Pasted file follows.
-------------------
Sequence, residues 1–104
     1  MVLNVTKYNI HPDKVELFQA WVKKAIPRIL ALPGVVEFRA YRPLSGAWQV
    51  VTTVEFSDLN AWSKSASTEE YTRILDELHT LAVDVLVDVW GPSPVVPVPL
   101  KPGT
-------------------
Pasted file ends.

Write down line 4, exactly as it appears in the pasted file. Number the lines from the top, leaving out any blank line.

   101  KPGT